The tide was high, but the kids held on—with a little help from the men’s volleyball team.
This past Saturday (September 18), Endicott students and local surfers flocked to Good Harbor Beach in Gloucester, only they weren’t in search of the perfect wave—for themselves, anyway. They were volunteering on behalf of Waves of Impact, a California-based nonprofit that offers free surf camps for young people with special challenges. The event marked the second surf camp in Gloucester since 2018.
“I’ve worked at Endicott for almost 20 years now and know the athletic teams and coaches are always very civic-minded and looking for ways to give to the community,” said event volunteer Michelle Mustone, director of advising and licensure at the School of Education. “I reached out to Coach Chapell and it turns out he had actual surfers on the men’s volleyball team!”
Community service is an essential part of the Endicott experience. Last year alone, Endicott students logged more than 16,000 hours of community service, with 47% of all students participating in some form of community outreach.
Despite the cooler temperatures and dense morning fog, approximately 40 kids across the commonwealth showed up to ride some waves.
Endicott juniors and twin brothers Mason and Vance Mallory were among the first in the water to help chase rogue boards and cheer on the kids. Thanks to a surf-loving father, the duo, who hail from Playa del Rey, Calif., started surfing at age 5. That passion turned into jobs as surf instructors when the brothers turned 16.
“Surfing is all mental, it’s putting yourself out there and getting over any fear,” said Vance, a marketing major. “I love seeing people get their first waves—it brings me right back to that moment when I got my first wave.”
“And once you get that first wave, you want 10 more,” echoed Mason, also a marketing major.
That was certainly true for Katie Mahoney, 16, of Lynnfield, Mass. She ran into the water right at 10 a.m., and as the hours passed, showed no signs of coming out.
“She’s having a good time and she doesn’t want it to end,” said her mother, Maureen. “We heard about this four years ago and it was such an amazing experience that we stalked the website to do it again this year.”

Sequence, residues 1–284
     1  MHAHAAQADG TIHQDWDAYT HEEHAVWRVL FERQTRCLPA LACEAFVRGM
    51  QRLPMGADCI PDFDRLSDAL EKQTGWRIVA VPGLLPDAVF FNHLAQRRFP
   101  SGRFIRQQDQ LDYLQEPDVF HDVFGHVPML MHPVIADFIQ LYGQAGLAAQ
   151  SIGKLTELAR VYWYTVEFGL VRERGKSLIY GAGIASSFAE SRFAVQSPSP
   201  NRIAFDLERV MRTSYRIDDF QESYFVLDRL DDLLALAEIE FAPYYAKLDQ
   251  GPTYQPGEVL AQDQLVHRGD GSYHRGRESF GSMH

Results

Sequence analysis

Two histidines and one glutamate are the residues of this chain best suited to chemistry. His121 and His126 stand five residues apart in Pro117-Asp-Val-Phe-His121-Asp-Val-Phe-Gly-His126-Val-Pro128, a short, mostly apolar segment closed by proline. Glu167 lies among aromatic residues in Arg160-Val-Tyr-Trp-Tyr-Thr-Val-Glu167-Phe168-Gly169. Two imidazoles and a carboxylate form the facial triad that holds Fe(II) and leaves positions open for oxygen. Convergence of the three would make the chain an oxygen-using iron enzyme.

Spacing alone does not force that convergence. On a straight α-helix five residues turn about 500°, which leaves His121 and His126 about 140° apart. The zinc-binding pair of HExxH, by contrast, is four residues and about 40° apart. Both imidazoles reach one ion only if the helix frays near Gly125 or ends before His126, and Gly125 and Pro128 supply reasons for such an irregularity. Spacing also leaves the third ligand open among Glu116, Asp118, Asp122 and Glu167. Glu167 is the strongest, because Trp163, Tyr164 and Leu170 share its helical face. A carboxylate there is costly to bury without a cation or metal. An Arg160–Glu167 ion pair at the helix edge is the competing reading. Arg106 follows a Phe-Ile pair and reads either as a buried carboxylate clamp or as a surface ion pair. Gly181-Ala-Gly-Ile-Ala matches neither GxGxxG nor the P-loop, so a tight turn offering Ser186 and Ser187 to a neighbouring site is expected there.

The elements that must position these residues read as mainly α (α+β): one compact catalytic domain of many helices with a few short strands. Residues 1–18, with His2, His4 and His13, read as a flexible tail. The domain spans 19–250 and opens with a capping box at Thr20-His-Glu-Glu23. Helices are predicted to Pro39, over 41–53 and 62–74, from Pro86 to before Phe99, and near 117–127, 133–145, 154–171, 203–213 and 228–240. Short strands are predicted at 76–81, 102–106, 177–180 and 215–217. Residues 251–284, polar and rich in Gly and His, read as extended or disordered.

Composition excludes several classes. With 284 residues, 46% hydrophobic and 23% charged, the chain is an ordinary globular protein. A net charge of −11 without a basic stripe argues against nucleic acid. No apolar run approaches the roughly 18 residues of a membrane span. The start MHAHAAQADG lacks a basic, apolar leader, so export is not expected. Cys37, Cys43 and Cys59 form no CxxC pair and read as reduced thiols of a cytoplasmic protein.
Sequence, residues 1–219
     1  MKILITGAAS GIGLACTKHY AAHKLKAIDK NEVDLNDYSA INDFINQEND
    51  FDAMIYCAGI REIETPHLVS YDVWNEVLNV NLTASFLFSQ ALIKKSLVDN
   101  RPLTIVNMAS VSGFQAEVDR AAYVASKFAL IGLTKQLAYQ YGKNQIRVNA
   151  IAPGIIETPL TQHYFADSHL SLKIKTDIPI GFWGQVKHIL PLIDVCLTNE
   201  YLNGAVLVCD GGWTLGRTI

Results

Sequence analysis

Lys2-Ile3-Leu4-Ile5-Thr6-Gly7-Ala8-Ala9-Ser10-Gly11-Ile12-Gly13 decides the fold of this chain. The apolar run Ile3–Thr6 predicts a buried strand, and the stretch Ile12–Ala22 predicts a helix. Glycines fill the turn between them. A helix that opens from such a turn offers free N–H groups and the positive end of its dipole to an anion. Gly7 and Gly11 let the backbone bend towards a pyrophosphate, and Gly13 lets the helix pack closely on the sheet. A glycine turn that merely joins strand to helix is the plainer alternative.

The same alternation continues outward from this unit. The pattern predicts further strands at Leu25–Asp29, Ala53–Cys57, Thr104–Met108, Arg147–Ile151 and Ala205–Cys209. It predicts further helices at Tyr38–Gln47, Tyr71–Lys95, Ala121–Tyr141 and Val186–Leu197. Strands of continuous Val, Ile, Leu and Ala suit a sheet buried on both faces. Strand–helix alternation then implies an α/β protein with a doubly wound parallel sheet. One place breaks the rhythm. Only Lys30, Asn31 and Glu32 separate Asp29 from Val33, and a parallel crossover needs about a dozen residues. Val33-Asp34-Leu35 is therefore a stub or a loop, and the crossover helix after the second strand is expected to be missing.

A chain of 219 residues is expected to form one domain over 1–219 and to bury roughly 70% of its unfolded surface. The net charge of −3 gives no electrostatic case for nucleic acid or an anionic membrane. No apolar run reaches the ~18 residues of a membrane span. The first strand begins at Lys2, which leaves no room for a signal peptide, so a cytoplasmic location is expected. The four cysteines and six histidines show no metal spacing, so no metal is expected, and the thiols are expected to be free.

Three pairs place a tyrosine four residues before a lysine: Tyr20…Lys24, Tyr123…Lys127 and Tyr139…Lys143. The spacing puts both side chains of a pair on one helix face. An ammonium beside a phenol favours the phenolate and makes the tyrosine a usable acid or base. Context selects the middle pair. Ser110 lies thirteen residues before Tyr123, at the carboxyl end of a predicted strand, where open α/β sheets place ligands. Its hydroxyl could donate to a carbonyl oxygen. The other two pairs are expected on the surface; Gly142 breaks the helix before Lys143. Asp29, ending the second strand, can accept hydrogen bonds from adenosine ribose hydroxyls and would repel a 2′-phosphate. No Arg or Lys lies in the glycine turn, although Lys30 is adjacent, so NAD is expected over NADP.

For Will Perry, a junior majoring in sports management, the event reminded him of home.
“Growing up, my neighbor got me into surfing at 11 or 12,” recalled the San Mateo, Calif., native. “I wouldn’t say I have a passion for surfing—for me, it’s about being relaxed on the water, not even catching waves, but just enjoying the water.”
“I’m a local surfer and I know most, if not all, of the surf community, and to see the community come together as a unified group to give back—really, to the ocean for everything it gives to us—is incredible,” said local organizer and competitive paddleboarder John O’Hara.
Waves of Impact co-founder Tom Swanecamp also flew from California to attend the event, which was co-sponsored by Cape Ann SUP, which provided boards and wetsuits for the day.
“The sense of community in Gloucester, it’s like no other place,” Swanecamp said. “The number of volunteers and the quality of surfers … there’s a lot of places where surfing is competitive and territorial, but here it’s all about the excitement of the kids and the parents.”
“To see your kid doing something that you thought might not happen is remarkable,” said Janet Williams, who brought her son Ethan, 10, to camp.
“I can’t give him this, his father can’t give him this—it’s something we just don’t know how to do, so to see this just makes my heart explode. This rivals Christmas and Halloween for Ethan.”
Looking to get involved? Learn more about the Community Service opportunities available on and off campus.